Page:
Currently, I work in the youth & tech spaces. If I have to work on something, and I can't make it relevant to those spaces, I don't or don't apply myself to them. This ensures that when I am online or using tech tools, I can get almost every kind of work done. I don't work on many offline things, I have been cutting them out.

If you do something long enough, you become familiar with it, you work smarter and faster and you become more competent. It saves a lot of time. Try it. 😃

If you're going to be stuck on a task, don't be stuck on it. Professionalism & competence rewards for time as much as it rewards for quality. I seek help if I need it so that I get things done faster. If something hasn't been done yet in a team project, it should not be waiting on me, it should be the responsibility of someone else. 

And when people tell I'm so busy, I say I sleep more than 6 hours almost every night. And I still have time to indulge in sports, scrabble and sudoku.

These are based on my #mightyafrican experiences but I'm sure people can learn from it.

Tuesday, December 5, 2017

GhanaThink Foundation's Ghana Volunteer Program is 4 years old!

We started the National Volunteer Day on September 21, 2013 and it has grown leaps and bounds, fueling the GhanaThink Foundation's Ghana Volunteer Program.

Read our press release on our 4th anniversary below!

International Volunteer Day (IVD) on December 5 is an international observance designated by the United Nations since 1985. It offers an opportunity for volunteer organizations and individual volunteers to make visible their contributions - at local, national and international levels - to the achievement of the Millennium Development Goals (MDGs). December 5th, 2017 marks four years since the inception of the Ghana Volunteer Program. This was created by the GhanaThink Foundation after the successful first edition of the first National Volunteer Day (NVDay) 21st September, 2013. The NVDay Initiative was to get as many people as possible in Ghana to volunteer their time or do community service on and around the Founder’s Day Holiday (September 21).

Volunteerism is not very popular and part of our society’s fabric. National Volunteer Day aimed at its inception to increase these numbers and unify efforts in volunteerism in Ghana. The Ghana Volunteer Program has rolled out and partnered several volunteer activities with the aim of ensuring the spirit of volunteerism is cultivated amongst most Ghanaians especially the youth. Gerald Sowah, the GVP Resources lead shared more on the importance of the NVDay initiative in Ghana by adding that “volunteerism encourages active citizenship. Through initiatives, such as our National Volunteer Day, we have seen many millennials debunk the apathetic citizen tag by actively participating in, and contributing towards national development.

The NVDay team with the help of various GhanaThink members approached many organizations who have volunteer events and encourage them to organize something on September 21st every year. Some of partner organizations like Utopia’s Wishlist were very interested and planned activities. On September 21 2013, about 40 activities with about 300 volunteers happened. There was a lot of online and offline engagement and publicity for these activities. Reactions and feedback were captured via Storify.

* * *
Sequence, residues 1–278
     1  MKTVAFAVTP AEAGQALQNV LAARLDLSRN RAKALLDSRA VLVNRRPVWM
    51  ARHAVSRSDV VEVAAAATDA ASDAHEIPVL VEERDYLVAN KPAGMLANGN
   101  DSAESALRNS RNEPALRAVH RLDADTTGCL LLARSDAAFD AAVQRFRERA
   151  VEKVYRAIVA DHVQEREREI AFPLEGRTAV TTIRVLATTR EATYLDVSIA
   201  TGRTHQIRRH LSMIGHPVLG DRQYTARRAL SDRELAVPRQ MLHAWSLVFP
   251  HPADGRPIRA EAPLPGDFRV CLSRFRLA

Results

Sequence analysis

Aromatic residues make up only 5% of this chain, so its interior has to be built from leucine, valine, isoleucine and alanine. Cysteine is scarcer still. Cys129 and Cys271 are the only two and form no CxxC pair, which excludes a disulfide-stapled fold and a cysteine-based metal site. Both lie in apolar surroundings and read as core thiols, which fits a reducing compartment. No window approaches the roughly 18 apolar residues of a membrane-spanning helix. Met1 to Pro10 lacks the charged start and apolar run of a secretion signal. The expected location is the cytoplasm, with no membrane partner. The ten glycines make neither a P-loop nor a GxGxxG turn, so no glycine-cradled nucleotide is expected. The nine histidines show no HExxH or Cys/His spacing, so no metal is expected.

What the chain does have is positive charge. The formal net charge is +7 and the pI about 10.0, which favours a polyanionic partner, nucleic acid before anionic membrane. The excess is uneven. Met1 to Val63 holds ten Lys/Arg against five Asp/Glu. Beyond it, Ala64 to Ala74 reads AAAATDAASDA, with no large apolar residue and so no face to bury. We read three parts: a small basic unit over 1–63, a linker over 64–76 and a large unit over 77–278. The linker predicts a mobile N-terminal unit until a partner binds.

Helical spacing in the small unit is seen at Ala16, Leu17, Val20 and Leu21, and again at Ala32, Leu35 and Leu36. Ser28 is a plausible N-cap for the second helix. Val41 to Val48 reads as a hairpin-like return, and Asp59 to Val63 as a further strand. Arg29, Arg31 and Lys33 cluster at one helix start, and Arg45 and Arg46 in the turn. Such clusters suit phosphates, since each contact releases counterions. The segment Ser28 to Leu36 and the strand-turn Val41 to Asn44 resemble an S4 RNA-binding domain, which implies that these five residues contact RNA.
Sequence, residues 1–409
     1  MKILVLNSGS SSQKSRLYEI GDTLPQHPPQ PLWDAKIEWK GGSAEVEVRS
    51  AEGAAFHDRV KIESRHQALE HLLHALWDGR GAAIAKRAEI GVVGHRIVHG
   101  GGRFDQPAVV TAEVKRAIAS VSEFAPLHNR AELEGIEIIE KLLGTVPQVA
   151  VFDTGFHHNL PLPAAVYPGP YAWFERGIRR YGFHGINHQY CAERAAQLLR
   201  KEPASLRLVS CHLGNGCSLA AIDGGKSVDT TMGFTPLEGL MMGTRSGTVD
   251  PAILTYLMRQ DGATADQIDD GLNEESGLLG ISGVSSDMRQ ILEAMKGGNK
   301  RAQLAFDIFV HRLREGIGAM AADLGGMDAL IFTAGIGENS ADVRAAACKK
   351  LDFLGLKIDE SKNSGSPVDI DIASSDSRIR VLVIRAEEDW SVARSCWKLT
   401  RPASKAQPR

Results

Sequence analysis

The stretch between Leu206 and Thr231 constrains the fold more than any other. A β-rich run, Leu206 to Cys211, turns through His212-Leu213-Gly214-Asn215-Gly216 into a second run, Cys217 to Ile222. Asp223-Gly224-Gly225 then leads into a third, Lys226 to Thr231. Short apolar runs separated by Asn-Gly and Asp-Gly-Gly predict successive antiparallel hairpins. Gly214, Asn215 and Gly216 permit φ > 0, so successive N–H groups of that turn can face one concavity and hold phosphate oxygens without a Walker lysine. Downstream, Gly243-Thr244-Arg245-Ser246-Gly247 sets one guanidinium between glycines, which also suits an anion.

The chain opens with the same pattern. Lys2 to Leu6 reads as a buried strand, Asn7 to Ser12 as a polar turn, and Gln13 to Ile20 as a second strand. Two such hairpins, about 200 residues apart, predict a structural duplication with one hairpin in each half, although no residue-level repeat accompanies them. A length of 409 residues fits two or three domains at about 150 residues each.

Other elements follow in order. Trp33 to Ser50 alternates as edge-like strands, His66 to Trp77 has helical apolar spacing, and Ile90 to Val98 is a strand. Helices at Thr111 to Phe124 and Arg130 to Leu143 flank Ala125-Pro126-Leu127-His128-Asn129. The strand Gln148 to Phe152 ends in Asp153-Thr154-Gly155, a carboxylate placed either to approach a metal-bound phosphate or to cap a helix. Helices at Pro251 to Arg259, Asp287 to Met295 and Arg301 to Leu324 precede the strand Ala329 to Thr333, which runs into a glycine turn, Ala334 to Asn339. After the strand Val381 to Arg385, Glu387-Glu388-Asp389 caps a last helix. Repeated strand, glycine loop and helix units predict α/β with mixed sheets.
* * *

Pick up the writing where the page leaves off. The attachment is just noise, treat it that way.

The focus of the programme at present is to acquire volunteers for volunteer opportunities around Ghana. GVP also helps volunteer activity organizers find volunteers. This program seeks to encourage volunteerism in Ghana, and to market and make attractive volunteer activities. So far GVP has sourced for volunteers for many events held by various organisations including: Dain Agribusiness Workshop, Chale Wote Street Art Festival, Lifebuoy Global Handwashing day, Kofi Gyamfi Memorial Screening (AMEND Ghana), NshoreNa cleanups, Environment360 School Recycle programs, INTED Teacher trainings and many more.
This year’s National Volunteer Day (#NVDay17), which was the fourth of its kind, took place from the 16th - 30th September 2017. Volunteers and organizations alike spent the holiday weekend giving back to their communities with over 60 registered activities in all 10 regions of the country. Some organisations that held activities were PsychAid and Love, PiloloGH, Patriots Ghana, Divine Mother and Child Foundation, The CSR Hub, Life-MAC Network Foundation, Several Rotaract Clubs, Youth African Leaders Network, Dreamz Foundation, Women in Engineering UMAT, Young at Heart Ghana and some GhanaThink Barcamps across the country. There was also a lot of online and offline engagement with the #NVDay17 which was captured via Storify

On the occasion of 2017’s International Volunteer Day, the GVP team engages the media all over Ghana discussing the work done so far under the program and what the future plans are for our nation. Through these engagements, we will encourage more people to do community service within Ghana.

Volunteering demonstrates initiative and hard work, two ideals that many organizations look for while hiring. Adelina Martey, The GVP Team and Administrative lead shared that “Not only does volunteering give you invaluable experience that employers are always eager for but it also shows that you are concerned with the social issues that surround you. Volunteering is thus more than just an activity. It is making social impact both in a community and within yourself by improving your own skills and self development. When you volunteer, you learn. And the more you learn, the greater the impact you make and your attractiveness in the job market”. The GVP team and all of GhanaThink believes that by volunteering, volunteers would be building their CVs, experience and overall life goals and vision.

We envisage that Ghana will be developed through volunteerism, that is why we say at Ghana Volunteer Program that VOLUNTEERISM IS THE HEART OF COMMUNITY DEVELOPMENT.